The leadership of the Trade Union Congress (TUC) and the Independent Petroleum Marketers Association of Nigeria (IPMAN) have lamented, saying the federal government wasted about USD9.5 billion on the fixing of local refineries over the past decade, creating room for large-scale corruption.
They said this at the just concluded Annual General Meeting of the Independent Petroleum Marketers Association of Nigeria, where the newly elected National Executive Committee members were inaugurated and presented to the public at their Abuja office.
According to businessday.ng, the national President of the Trade Union Congress, Quadri Olaleye, listed conditions for supporting the removal of the controversial fuel subsidy and raised the matter of trust deficit, asking, "How can we trust the government and be certain that they will actually remove it this time around, because, in the past, they have claimed to remove the so-called subsidy?"
"Nigeria has a total of five refineries across the country, of which four are owned and managed by the government and one by NDPR (Niger Delta Petroleum Resources Limited).
"It might interest you to know that none of the government-owned refineries is functioning, yet in the past 10 years alone, the government has wasted about $9.5 billion on turnaround maintenance of the moribund refineries", he said.
He also went further to lampoon the federal government, insisting that the country’s energy crises were "solely due to the incompetence and corruption of the government."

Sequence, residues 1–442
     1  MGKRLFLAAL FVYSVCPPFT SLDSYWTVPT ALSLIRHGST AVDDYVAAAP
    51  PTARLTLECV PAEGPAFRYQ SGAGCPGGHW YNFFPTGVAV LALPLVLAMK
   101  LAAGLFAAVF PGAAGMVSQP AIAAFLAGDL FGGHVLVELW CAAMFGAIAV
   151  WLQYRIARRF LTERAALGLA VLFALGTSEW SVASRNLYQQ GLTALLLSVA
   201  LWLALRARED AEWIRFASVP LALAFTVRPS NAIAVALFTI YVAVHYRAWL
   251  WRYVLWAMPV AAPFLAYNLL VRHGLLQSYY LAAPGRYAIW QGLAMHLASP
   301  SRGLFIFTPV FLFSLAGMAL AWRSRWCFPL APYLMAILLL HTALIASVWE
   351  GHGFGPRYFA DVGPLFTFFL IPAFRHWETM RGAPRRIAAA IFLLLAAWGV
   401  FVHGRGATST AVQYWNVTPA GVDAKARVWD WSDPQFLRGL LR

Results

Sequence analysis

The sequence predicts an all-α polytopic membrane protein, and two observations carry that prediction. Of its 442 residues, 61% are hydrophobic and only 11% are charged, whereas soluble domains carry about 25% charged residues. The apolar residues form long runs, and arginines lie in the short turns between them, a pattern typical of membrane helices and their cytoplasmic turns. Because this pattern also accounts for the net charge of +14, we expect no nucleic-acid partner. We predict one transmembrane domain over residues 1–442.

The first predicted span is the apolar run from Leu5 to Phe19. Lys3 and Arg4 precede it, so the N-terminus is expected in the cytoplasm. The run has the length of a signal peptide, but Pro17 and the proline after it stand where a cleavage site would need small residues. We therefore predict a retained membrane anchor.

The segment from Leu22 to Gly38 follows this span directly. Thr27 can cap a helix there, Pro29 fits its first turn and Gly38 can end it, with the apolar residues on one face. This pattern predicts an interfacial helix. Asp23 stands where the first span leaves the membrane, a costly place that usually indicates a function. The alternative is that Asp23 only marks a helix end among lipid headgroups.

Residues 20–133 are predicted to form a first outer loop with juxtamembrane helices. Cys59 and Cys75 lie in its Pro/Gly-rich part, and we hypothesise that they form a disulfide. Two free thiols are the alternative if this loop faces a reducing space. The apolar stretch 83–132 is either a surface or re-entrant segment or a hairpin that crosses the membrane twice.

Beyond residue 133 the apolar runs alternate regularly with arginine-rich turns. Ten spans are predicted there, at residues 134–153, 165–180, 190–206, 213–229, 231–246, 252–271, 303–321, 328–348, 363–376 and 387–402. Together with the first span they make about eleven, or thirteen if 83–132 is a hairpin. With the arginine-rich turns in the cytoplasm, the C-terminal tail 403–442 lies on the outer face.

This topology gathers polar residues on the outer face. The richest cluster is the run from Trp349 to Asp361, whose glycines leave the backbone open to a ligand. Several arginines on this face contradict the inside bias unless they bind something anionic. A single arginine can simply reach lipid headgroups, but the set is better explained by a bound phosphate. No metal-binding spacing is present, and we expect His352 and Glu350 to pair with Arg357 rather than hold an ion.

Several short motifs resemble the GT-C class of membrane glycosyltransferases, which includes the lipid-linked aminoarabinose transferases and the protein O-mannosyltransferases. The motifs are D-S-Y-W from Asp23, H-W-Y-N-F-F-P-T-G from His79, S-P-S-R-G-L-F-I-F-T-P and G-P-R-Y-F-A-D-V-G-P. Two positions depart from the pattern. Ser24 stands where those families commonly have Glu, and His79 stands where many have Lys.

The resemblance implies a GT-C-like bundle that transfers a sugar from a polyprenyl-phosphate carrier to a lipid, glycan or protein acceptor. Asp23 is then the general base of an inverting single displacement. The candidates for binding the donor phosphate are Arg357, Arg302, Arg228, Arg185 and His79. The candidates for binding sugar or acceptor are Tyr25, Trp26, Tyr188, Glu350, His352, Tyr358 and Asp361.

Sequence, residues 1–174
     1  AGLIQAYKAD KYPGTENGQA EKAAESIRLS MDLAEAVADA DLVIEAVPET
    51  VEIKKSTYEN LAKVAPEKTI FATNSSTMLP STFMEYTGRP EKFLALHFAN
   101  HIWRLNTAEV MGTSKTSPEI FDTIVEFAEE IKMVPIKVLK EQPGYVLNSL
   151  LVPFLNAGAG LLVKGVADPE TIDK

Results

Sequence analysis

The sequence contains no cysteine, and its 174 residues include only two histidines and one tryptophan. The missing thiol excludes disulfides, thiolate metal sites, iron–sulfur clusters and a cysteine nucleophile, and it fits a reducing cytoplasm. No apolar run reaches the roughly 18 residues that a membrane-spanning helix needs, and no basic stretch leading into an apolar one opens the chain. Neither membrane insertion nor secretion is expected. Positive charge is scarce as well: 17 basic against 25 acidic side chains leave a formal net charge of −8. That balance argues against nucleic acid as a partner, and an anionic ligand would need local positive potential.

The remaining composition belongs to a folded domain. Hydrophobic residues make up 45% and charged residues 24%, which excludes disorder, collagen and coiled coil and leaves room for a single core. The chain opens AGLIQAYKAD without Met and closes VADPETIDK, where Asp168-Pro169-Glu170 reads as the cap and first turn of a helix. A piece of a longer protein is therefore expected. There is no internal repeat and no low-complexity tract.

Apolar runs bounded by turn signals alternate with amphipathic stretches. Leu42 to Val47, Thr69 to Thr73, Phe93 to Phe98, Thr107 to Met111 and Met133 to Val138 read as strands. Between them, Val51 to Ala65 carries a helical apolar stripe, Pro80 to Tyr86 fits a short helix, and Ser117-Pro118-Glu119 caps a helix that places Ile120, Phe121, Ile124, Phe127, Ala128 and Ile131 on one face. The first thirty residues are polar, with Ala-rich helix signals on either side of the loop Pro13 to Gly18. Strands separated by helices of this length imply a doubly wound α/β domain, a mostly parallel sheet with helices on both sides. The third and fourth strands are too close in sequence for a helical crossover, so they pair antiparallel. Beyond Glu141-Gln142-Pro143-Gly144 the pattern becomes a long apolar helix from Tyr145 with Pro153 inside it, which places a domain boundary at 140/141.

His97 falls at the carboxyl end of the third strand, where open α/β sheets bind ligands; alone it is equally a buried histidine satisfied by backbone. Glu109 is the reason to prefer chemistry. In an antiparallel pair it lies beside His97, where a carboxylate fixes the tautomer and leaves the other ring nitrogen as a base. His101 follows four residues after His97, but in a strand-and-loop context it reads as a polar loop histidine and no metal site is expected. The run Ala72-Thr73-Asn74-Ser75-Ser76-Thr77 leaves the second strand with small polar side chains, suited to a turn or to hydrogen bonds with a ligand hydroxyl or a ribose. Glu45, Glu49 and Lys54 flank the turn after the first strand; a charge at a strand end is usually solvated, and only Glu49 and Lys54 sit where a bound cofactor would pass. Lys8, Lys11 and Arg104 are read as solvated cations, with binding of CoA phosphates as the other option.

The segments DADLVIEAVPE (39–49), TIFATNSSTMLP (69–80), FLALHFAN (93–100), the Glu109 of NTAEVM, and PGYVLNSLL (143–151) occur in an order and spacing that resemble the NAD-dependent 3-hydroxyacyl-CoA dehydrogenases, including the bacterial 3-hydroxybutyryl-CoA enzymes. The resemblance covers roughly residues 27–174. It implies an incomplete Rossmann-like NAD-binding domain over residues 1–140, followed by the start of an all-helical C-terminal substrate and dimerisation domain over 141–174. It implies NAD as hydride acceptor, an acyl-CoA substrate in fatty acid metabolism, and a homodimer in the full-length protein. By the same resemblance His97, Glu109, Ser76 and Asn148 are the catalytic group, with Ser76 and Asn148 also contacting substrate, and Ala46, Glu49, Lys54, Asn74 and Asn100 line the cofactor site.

He added that the TUC wasn’t against fuel subsidy removal but only insisted that its removal should attain the desired result.
"Rather, we are inquisitive as to what the government has to offer following the removal."
He complained that the government was yet to answer very pertinent questions about how they intended to go about the subsidy removal.
"Will there be construction and utilization of modular refineries as the government has previously promised and failed to deliver?"
"Will there be a rehabilitation of existing moribund refineries?"
"What will the government do to put an end to dependence on imported fuel? It is imperative to note these questions because we need adequate answers to what the government has to offer, as failed promises from the government have become the order of the day. "
"There should be the establishment of modular refineries and the construction of functioning refineries in the country," Olaleye added.
He suggested that "proactive committees must be set up to check, balance, and ensure the successful execution of projects and to generally oversee activities."
"The moribund refineries must be active, and we must put an end to the counterproductive acts of importing petroleum products when we can refine them here and sell them at a competitive price."
Olaleye reaffirmed public opinion about the country's having the capacity to meet local demands and even diversify like advanced countries, "but that will not happen because the current political class does not want it.
The national President of IPMAN, Debo Ahmed, who spoke at the same event, agreed in totality with that of the TUC leader.
He said, "We are in support of subsidy removal, but there are some conditions that we have that should be met, such as the availability of products, proximity of supply, and other related issues.
"What we would love to see is that the government makes sure that most of these moribund refineries are on the ground and functioning.
"If most of these refineries are working, it will be easy to implement subsidy removal because products will not be subjected to foreign exchange."